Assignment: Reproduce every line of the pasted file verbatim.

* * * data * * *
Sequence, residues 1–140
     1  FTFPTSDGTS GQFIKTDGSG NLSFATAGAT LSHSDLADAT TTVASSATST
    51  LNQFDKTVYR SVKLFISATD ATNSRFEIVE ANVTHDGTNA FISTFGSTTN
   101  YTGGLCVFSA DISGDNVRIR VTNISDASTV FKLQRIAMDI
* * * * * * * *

Sequence, residues 1–140
     1  FTFPTSDGTS GQFIKTDGSG NLSFATAGAT LSHSDLADAT TTVASSATST
    51  LNQFDKTVYR SVKLFISATD ATNSRFEIVE ANVTHDGTNA FISTFGSTTN
   101  YTGGLCVFSA DISGDNVRIR VTNISDASTV FKLQRIAMDI